Microsoft Multi-Factor Authentication (MFA) - Frequently Asked Questions


What is Multi-Factor Authentication (MFA)?

Multi-factor authentication (MFA) is a secure authentication method used by banks and other online services that requires users to prove their identity by supplying two or more credentials (or “factors”) during the login process. One factor is something users know, such as an e-ID and password. Other factors are verification methods that users have in their possession, including an authenticator app on a mobile device or a passcode received via text message.

What are the codes in the app for? Why does the number keep counting down?

When you open the Microsoft Authenticator app, you'll see the accounts you've added and a six- or eight-digit number by each of them. You might see a thirty-second timer counting down.

These codes are used when you sign in to your account. After you enter your username and password, you might be asked to enter a verification code. Open the Microsoft Authenticator app and copy the code that's currently showing. Enter that code in the sign-in page to finish.

The reason that the codes change every 30 seconds is so that you never use the same code twice. It's not like a password that you're supposed to remember. The idea is that only someone with access to your phone will know your verification code.

The codes don't require internet or data, so you don't have to worry about having phone service to sign in, or that the app will use up your data plan. When you close the app, it doesn't keep running in the background so it won't drain your battery. You can close the app and ignore it until the next time that you sign in.

I only get notifications when I have the app open. If the app isn't open, I don't get any notifications.

If you get notifications, but they don't make noise or vibrate despite your ringer being on, first check the app settings. Enable the app to use sound or vibrate with its notifications.

If you don't get notifications at all, check the following cases:

  • Is your phone in Do Not Disturb or Quiet mode? That mode can keep apps from sending notifications.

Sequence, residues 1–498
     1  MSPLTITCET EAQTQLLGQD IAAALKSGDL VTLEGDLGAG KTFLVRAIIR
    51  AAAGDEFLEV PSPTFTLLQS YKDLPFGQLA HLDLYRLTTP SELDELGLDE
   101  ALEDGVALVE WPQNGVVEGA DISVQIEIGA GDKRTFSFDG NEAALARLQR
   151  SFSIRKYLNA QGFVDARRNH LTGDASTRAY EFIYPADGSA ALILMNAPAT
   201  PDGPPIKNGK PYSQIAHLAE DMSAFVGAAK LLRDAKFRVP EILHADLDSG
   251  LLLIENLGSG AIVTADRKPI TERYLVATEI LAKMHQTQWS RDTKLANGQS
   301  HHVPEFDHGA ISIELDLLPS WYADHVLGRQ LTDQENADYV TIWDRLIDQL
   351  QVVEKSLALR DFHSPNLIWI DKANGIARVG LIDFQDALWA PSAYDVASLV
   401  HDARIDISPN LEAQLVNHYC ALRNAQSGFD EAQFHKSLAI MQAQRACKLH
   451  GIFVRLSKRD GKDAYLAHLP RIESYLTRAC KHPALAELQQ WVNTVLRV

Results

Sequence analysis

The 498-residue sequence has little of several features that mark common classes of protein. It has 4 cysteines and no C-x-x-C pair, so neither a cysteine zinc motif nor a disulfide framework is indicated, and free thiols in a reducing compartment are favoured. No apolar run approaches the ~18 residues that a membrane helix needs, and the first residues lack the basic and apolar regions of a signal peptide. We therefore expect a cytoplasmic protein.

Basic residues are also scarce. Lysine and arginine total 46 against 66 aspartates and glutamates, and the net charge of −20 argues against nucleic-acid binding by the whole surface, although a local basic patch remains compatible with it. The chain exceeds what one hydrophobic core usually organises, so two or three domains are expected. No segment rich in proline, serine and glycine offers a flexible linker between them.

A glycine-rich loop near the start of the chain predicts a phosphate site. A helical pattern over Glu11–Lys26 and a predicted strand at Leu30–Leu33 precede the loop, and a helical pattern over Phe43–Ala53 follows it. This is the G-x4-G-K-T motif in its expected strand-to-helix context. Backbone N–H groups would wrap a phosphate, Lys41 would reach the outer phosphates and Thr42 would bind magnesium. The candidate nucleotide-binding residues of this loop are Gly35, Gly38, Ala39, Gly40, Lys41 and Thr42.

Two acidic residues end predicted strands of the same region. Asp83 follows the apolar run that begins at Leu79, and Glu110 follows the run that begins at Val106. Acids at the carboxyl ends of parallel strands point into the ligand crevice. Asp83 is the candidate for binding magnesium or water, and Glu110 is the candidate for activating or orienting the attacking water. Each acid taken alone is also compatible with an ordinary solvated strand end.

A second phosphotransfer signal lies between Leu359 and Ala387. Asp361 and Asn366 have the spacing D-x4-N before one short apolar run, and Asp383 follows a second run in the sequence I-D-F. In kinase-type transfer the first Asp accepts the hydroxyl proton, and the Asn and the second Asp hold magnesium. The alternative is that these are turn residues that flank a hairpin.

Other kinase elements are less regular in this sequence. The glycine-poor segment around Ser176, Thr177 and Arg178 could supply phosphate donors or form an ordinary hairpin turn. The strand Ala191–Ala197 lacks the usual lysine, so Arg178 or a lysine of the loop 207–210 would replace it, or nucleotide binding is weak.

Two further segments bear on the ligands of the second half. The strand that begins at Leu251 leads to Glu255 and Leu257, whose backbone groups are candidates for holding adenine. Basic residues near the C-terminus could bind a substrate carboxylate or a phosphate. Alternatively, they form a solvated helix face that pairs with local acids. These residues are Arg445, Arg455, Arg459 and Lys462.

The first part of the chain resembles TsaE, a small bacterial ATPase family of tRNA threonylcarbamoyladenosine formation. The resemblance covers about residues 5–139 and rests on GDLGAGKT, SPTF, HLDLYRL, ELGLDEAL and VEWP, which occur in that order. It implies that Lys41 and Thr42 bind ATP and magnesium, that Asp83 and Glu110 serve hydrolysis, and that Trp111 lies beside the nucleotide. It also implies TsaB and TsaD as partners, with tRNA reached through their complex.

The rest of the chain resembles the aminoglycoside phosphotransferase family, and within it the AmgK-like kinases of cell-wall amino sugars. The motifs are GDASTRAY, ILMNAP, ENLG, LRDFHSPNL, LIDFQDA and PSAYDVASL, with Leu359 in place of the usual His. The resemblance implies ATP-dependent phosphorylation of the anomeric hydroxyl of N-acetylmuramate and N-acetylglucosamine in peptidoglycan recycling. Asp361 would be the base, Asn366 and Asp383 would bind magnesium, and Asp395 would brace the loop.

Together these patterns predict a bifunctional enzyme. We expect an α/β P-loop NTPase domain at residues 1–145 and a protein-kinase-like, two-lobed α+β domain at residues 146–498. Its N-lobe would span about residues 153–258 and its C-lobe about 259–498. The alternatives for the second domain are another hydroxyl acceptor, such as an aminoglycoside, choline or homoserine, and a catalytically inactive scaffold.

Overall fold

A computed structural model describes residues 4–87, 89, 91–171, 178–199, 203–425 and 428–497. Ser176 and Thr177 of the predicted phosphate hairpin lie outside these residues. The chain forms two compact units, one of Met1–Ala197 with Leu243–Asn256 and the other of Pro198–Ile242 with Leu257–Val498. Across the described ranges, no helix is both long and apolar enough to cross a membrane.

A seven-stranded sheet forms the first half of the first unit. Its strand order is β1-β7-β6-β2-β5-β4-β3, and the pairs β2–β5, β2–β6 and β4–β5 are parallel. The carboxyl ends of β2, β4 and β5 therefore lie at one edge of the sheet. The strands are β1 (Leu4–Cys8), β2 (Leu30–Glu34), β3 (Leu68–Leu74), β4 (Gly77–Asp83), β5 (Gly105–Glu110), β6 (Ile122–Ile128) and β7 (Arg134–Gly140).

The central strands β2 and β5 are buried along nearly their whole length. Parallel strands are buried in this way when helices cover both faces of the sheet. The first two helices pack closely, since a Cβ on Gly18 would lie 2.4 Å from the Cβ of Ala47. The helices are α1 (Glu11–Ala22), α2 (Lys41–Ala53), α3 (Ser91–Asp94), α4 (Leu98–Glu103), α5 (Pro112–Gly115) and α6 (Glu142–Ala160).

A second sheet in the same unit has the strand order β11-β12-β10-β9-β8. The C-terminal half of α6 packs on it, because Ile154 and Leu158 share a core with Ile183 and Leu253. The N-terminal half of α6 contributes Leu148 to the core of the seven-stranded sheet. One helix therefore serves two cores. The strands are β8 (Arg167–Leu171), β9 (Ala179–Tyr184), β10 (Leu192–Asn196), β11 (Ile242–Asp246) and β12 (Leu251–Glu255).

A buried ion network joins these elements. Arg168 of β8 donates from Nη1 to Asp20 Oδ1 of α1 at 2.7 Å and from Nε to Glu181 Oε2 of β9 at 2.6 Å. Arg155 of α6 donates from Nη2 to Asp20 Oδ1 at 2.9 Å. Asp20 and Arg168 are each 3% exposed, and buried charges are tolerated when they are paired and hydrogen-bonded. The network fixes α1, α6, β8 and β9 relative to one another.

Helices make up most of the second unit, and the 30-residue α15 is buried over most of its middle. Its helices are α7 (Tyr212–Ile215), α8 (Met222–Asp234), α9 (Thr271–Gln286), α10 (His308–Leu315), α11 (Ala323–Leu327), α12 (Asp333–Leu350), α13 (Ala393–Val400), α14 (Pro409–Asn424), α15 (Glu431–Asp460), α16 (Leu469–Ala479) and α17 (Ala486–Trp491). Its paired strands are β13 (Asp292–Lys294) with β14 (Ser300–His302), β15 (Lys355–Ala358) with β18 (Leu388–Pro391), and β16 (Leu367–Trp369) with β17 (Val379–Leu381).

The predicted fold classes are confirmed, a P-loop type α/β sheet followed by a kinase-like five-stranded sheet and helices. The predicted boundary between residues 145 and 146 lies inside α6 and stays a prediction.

• Can you receive notifications from other apps? If not, there may be an issue with the network connections on your phone, or the notifications channel from Android or Apple. You can address the first option in your phone settings, but you may need to reach out to your service provider for help with the second option.
  • Can you receive notifications for some accounts on the app, but not others? If yes, remove the problematic account from your app and re-add it to re-enable push notifications.

If you tried these troubleshooting suggestions but are still having issues, send us your logs for diagnostics (go to the app settings, then select Help & feedback and Send logs) then go to the Microsoft Authenticator Q & A and let us know what problem you're seeing and what steps you've tried so far.

I'm already using the Microsoft Authenticator application for verification codes. How do I switch to one-click push notifications?

Approving a sign-in through push notification is only available for personal Microsoft accounts or work and school Microsoft accounts, not for third-party accounts like Google or Facebook. If you have a work or school Microsoft account, your organization can choose to disable this option.

If you use a Microsoft account for your personal account and want to switch over to push notifications, you need to add your account again. Re-register the device with your account, and set up push notifications.

If you use Microsoft Authenticator for your work or school account, then your organization decides whether to allow one-click notifications.

Do one-click push notifications work for non-Microsoft accounts?

No, push notifications only work with Microsoft accounts and Azure Active Directory accounts. If your work or school uses Azure AD accounts, they may disable this feature.

I restored my device from a backup, and my account codes are missing or not working. What happened?

For security purposes, we don't restore accounts from app backups. After you restore the app, delete your accounts and add them again.

I got a new device. How do I remove the Microsoft Authenticator app from my old device and move to the new one?